On the day that their parents die, sisters Lilly and Victoria vanish in the woods, prompting a frantic search by their Uncle Lucas (Nikolaj Coster-Waldau) and his girlfriend, Annabel (Jessica Chastain). Five years later, miraculously, the girls are found alive in a decaying cabin, and Lucas and Annabel welcome them into their home. But as Annabel tries to reintroduce the children to a normal life, she finds that someone -- or something -- still wants to tuck them in at night.
Release Date: January 18, 2013
Runtime: 1 hr 40 min
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"Mama" is one of those movies that has so much going for it -- an engaging premise, a great cast, creepy production design, and most importantly, a memorable monster. But all of that gets derailed by some really bad creative decisions.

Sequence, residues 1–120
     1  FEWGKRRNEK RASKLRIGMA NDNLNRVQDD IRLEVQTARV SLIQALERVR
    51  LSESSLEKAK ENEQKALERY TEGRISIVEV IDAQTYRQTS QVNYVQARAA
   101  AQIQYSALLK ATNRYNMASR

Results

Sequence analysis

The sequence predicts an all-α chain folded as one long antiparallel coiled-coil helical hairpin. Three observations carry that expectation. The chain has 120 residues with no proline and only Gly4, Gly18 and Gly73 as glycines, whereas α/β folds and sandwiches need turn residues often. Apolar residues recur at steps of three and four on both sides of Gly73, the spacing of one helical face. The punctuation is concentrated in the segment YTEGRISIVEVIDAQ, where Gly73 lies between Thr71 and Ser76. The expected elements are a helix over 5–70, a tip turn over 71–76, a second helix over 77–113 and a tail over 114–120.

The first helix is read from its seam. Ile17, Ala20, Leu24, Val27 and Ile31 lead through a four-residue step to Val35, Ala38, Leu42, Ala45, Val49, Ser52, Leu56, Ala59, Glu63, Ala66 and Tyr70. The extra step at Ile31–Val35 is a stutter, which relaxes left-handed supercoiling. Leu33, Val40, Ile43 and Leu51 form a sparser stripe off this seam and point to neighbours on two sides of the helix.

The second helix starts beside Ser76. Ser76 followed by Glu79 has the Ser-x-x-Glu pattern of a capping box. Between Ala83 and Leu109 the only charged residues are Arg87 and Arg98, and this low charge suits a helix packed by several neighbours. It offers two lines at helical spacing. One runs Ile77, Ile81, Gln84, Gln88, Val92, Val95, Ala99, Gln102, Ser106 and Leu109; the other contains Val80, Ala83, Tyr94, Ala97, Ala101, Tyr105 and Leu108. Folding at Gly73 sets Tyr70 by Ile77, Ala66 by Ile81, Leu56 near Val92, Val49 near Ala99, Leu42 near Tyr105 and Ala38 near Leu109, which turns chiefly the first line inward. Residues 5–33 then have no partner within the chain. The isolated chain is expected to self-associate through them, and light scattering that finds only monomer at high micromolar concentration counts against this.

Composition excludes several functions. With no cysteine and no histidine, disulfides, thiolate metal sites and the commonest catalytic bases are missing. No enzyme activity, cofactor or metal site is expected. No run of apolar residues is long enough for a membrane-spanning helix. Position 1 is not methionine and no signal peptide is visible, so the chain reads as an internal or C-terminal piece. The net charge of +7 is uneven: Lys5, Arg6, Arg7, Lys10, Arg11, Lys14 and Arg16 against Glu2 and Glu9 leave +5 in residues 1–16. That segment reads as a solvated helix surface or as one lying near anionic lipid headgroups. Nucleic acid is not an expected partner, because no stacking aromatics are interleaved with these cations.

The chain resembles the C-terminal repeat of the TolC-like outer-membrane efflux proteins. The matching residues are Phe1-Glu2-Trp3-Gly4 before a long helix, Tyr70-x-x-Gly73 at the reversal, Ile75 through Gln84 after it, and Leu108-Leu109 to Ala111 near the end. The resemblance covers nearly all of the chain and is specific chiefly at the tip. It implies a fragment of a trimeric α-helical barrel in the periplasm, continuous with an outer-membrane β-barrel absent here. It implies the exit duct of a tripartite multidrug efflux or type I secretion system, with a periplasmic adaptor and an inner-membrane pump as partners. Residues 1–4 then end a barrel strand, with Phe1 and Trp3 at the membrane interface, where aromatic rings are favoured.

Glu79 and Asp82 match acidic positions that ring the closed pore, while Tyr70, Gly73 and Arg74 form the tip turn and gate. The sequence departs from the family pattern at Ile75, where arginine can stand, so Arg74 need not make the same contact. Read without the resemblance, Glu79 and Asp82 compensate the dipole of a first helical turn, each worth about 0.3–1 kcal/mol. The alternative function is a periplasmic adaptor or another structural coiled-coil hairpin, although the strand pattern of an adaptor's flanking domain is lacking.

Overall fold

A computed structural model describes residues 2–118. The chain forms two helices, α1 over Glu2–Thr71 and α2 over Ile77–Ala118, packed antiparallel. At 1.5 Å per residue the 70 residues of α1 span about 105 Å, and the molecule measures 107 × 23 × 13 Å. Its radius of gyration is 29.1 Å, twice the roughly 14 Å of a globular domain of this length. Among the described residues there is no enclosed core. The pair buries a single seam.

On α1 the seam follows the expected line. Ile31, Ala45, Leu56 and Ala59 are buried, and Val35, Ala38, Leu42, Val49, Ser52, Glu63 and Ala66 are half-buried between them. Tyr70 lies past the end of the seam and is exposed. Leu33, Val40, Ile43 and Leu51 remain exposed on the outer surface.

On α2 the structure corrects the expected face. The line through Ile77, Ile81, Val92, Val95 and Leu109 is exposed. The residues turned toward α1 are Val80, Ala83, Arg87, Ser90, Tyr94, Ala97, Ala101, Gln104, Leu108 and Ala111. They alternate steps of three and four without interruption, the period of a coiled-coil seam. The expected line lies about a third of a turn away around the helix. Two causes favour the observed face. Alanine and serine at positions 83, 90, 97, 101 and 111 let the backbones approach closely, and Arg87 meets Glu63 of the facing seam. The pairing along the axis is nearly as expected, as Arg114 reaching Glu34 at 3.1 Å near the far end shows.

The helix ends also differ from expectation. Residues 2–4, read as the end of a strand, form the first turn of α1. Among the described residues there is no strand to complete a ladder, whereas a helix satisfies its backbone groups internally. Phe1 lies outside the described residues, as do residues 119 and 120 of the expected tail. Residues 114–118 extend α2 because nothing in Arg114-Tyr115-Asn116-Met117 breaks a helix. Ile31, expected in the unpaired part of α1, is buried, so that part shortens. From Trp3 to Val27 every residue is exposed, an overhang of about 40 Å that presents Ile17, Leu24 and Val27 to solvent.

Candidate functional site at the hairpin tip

And when I say bad, I mean throw-your-popcorn-at-the-screen bad.
Characters behave in such absurd ways that they might as well have the word “disposable” tattooed on their foreheads, and the writers supply some of the most groan-inducing exposition ever committed to film in order to get the characters from point A to point B.
For horror fans, though, who are used to sifting through garbage just to find a few good scares, one of the main things that could ruin "Mama" is how liberally it borrows from other (better) movies, including modern classics like "The Ring" and "[REC]." Some of it works, some of it doesn't, but it never feels at all cohesive, which is unfortunate considering how original “Mama”’s premise is.
At the end of the day, “Mama” might get you to jump out of your seat once or twice, but movie fans really shouldn't have to settle for the kind of half-baked, derivative storytelling on display here. If you're looking for non-R-rated horror, you’re probably better off just sticking with the American version of "The Ring" until this hits Redbox.
As far as PG-13 movies go, “Mama” is a little on the intense side. There really aren’t too many differences in terms of content between this and another Guillermo del Toro-produced horror film, 2010’s “Don’t Be Afraid of the Dark,” which earned an R rating.1 Thank ·